Health

Study Looks At Screen Time, Teen Bone Density

(Photo Credit: TOSHIFUMI KITAMURA/AFP/Getty Images)

(Photo Credit: TOSHIFUMI KITAMURA/AFP/Getty Images)

(Source: KDKA-TV) Dr. Maria Simbra
Dr. Maria Simbra is an Emmy award-winning medical journalist, who...
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PITTSBURGH (KDKA) — Computers, tablets, video games, TV — these entertaining devices can be hard on how much kids weigh, how well they see, and now a study hints at possibly how well their bones hold up.

“It’s important to maintain a healthy lifestyle as a child so that you can avoid the problems having to do with osteoporosis later in life,” says Dr. Jon Tucker, an orthopedist at St. Clair Hospital.

More than 800 teens in Norway had bone density tests and were asked about their screen time habits and physical activity.

For boys, the more screen time, the less dense their bones. The concern is potentially thinner bones, and possible fractures, when they’re grown men.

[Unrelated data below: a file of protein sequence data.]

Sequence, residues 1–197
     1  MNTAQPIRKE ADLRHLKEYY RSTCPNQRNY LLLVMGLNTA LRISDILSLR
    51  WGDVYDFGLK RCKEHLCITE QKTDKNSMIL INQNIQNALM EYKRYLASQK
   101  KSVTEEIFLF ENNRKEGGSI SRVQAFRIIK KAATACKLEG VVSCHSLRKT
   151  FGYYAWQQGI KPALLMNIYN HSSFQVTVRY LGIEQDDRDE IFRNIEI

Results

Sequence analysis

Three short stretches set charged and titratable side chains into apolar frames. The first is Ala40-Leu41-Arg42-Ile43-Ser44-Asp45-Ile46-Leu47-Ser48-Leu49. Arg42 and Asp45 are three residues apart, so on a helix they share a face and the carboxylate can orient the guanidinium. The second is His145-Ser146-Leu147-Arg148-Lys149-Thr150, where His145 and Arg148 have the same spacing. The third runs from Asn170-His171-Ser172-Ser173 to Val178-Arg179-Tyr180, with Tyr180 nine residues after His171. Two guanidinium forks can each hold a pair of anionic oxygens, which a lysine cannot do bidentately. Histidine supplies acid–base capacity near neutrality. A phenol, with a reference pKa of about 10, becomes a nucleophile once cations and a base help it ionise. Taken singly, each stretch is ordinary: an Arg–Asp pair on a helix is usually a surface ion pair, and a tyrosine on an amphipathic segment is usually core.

“Osteoporosis can affect boys and men, too,” Dr. Tucker points out.

The surprise, though, for girls: the ones with more screen time had denser bones, which suggests it may be more than just screen time, but a combination of exposures that influences a strong skeletal system.

Your bones are constantly being shaped and reshaped. Weight bearing exercise is one factor that revs up the body processes that build up bone.

“Inactivity, lack of exposure to sunlight, bad diet, those are the things that we know will diminish your ability to build your optimum bone mass,” says Dr. Tucker.

Women reach maximum bone density at age 25, men at age 35.

“Think of your bones as a bank,” he compares, “and that bank has to have regular deposits made to it while you’re still healthy.”

While this study cannot show cause and effect, it raises some interesting patterns that should be explored further, perhaps in a more diverse population with more varied sun exposure; for example, in America.

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